• Ben Graham says:

      Next? Says,
      You have a very good point and the timing is right as well.
      “Looking Ahead for Zayo’s Next Move”

      As for me, who has drunk way too much Level 3 koolaid, what instantly comes to my thinking mind is this motto used by Level 3: “Think Ahead”

      “Look & Think Ahead” would be a perfect fiber fit. Please Super Dan come back to your roots of Level 3 – Walter Scott would love to welcome you back.

  • LEVEL(3) says:

    Zayo, Sprint, Level 3 joint venture?

    Is the Sprint (S) and LVLT rumor still possible? The Wall Street Journal cited unnamed sources familiar with the matter who said the two companies have held talks about a joint venture. LVLT and S are considering a joint venture that could combine the company’s long distance businesses. A joint venture between S and LVLT would create a more formidable competitor to AT&T (T) and Verizon (VZ) in the markets for carrying data across the Internet.

    I believe it would a good move for both S and LVLT to get together. 

    Telecom Ramblings Rob Powell noted:

    S longhaul infrastructure at the fiber level is old (some of it is even direct-buried, no conduit) and they would have to spend huge amounts of cash to upgrade it. They haven’t done so and given their other troubles these days they probably can’t. Instead they have run the division for cash, capex as a percentage of revenues has been around the 5% level and revenues have stagnated. But Sprint Wireline still has almost $6B in revenue and an impressive customer list, a top IP backbone by any measure, and remains financially pretty healthy. So rather than do it alone, they are thinking of throwing it into a joint venture with LVLT who has the most modern infrastructure at the fiber level. This would allow the combined entity consolidate nearly $10B worth of revenue onto it.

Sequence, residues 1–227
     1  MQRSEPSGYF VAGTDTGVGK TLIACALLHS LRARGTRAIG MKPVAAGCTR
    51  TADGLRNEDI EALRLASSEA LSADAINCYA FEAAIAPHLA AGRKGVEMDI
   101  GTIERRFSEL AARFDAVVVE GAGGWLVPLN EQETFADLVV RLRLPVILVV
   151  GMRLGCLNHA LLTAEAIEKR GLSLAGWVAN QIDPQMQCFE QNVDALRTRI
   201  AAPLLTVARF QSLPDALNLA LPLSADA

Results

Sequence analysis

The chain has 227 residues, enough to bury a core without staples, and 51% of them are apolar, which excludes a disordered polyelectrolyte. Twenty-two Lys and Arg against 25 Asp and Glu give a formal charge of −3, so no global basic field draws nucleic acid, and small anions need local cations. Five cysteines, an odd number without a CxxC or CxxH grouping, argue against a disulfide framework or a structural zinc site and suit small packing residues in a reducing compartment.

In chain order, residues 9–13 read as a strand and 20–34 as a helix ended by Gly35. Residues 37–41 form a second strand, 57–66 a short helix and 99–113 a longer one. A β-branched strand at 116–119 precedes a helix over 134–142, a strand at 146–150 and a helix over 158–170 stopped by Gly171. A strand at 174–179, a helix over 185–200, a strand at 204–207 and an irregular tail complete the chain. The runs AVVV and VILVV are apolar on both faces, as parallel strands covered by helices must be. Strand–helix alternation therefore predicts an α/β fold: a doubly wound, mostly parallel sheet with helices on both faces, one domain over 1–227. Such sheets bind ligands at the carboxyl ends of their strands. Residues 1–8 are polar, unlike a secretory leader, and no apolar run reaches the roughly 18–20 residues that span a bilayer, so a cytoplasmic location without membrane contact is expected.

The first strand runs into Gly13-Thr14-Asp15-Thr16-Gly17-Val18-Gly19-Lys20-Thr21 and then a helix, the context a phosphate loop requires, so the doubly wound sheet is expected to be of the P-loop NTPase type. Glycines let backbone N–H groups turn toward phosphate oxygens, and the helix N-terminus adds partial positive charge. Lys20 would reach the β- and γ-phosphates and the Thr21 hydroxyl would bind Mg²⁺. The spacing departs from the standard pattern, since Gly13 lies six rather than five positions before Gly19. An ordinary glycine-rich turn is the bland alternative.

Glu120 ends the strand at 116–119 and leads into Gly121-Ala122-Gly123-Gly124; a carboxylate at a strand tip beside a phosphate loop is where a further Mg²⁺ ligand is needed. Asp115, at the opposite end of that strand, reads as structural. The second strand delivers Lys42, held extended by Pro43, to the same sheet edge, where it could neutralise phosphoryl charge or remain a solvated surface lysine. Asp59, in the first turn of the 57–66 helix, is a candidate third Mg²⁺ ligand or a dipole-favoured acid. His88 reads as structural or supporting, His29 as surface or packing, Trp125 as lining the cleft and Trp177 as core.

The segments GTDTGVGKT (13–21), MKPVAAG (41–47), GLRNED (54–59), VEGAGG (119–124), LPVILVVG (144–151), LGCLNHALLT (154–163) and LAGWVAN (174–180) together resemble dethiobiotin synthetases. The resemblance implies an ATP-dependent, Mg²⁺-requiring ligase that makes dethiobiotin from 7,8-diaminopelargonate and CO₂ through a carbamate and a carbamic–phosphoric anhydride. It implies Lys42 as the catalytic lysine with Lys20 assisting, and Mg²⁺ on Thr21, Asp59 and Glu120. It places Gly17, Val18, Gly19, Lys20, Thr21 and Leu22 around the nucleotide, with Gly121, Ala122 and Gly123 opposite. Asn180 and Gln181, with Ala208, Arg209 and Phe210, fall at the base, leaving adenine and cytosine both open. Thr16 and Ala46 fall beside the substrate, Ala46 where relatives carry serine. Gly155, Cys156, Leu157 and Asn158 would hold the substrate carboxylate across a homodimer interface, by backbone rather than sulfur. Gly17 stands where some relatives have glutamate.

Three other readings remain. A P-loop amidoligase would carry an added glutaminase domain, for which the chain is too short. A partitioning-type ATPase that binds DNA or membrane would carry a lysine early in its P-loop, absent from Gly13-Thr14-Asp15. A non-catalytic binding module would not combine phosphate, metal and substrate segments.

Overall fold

• Warren B. says:

    If you want me to buy the business, tell me what it is worth! Reveal the intrinsic value of the business and if the market price is below the intrinsic worth of the business by 50% ( Margin of Safety ), then I will back up the truck on Level 3 in the public domain. Or better yet, I prefer to do private deals, which in the telecom industry, ZAYO would be a prime candidate for inclusion into the operation businesses that Charlie & I have accumlulated.

    Walter Scott will always have my respect & honor.

  • 1whoKn0ws says:

    Zayo will never be able to keep the Enterprise market with their mismanagement ass-hatery. How many IP Operations managers have either quit or been fired since the Above net acquisition? By my count 4…3 former ABV managers who quit once they realized the learning disabled way Zayo planned to run their mpls network at 80% utilization, cut staff by 50% and replaced them with newbie contractors. The one IP manager hired by Zayo in Tulsa was recently let go after 4 or 5 months. No public disclosure, but many think it was for not being able to route his way out of a paper bag.

    Above net had the same Operations folks for 5+ years….Fandey / Marquardt / Cha / Stout / Clark….and for good reason. Those folks knew what they were doing and valued the network, ethics, and customers over EBITDA.

    4 managers in a year isn’t a “rough patch” IMHO…it’s a dead giveaway that Operations is being grossly mismanaged. You don’t see that kind of attrition unless the ship is sinking.